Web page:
Apparently, the BRZ's name tells you everything you need to know about this car. B stands for Boxer engine, R for Rear wheel drive and Z for Zenith — the ultimate in affordable thrills. Is that what this is? From an early glance at the stats, you might wonder. There's nothing especially startling here, the 2.0 litre flat-four engine producing 197bhp and 205Nm of torque, enough to get you to 60 from rest in 7.6s on the way to a top speed of 143mph. Plenty of comparably priced hot hatches can match or beat that. But none of them can deliver the driving experience on offer from this Subaru.
It's a normally aspirated, front-engined, rear-wheel drive coupe.
For a keen driver, the recipe doesn't get much purer. Plumb in a boxer engine that helps it to a centre of gravity lower than a Ferrari 458, add a proper mechanical limited slip differential and offer a six-speed manual gearbox with three beautifully spaced aluminium-plated pedals in the footwell and you have what most would agree is a very good start. Even from this point it would have been easy to get things wrong. But Subaru didn't. On the contrary, the BRZ is so right in so many ways it's almost as if the hand of Porsche has worked upon it. There's a simplicity to its controls, a delicacy and tactility to the steering and the pedals that offer the keen driver so much.
Design and Build
The steering wheel's just the right size, untroubled by multi-function buttons that might distract you from powersliding pleasure, and through it you view a large digital display complementing the clear analogue rev and speedo dials.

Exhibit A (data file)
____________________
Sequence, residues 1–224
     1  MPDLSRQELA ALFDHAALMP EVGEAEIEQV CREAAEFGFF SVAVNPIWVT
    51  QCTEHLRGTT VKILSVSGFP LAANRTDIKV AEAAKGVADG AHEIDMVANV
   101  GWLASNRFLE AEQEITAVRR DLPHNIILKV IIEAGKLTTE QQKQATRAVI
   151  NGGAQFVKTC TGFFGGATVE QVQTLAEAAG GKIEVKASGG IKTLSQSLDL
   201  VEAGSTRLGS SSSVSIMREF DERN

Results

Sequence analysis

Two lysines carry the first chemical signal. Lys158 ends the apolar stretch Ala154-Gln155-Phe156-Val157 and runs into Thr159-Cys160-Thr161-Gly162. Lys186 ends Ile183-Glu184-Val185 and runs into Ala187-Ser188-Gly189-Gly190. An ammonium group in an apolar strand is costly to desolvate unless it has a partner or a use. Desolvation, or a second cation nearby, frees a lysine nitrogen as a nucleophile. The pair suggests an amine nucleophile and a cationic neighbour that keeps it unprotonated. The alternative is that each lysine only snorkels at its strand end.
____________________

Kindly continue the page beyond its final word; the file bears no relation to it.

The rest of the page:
Behind you, this being a 2+2 coupe, there are a pair of tiny seats — of the kind that motoring journalists without kids tend to moan about but which I find quite useful, even if only to throw a jacket on to. A lot of the time though, you'll probably have them folded flat, for doing that transforms the boot capacity from fairly compact — at 243-litres — to really very spacious, the total 1270-litre seats-flat capacity apparently enough to accommodate a trolley jack and four race-ready wheels and tyres.
Market and Model
Value can be a tough issue for potential buyers to agree upon. On the one hand with this BRZ you're paying around £25,000 for a car that can't hold a candle to a Kia cee'd when it comes to creature comforts and technology. But on the other, you've an enthusiast's tool that nothing else in the sector bar this Subaru's Toyota GT86 sister car can match.
You also get plenty of equipment included in the deal, most of what you'd want in fact, so check off features like the smart silver and black-finished 17-inch alloy wheels, auto headlamps with pop-up washers, front fog lamps, power-folding mirrors, the torque-sensing limited slip different, a six-speaker CD stereo with USB compatibility and an aux-in point, dual-zone climate control, a leather-trimmed steering wheel and gear knob, aluminium pedals, cruise control and Hill Start Assist on manual models to stop you rolling backwards on uphill junctions. The top SE Lux model also includes lovely leather and alcantara trim for the sports seats and seat heaters.
Let's be clear about this: the Subaru BRZ is a very special car. Better indeed than any true World Rally Blue Subaru optimist could hope to expect. It has a beautiful simplicity that speaks of paring back to the essence of driving purity, including just enough of what you need and nothing that you don't.
This is a hero car for our times, one that rewards the talented driver without making the less proficient feel clumsy or unworthy. Of course, you've to pay for your pleasures, but Subaru has an Everything Taken Care of after-sales package unequalled in the industry.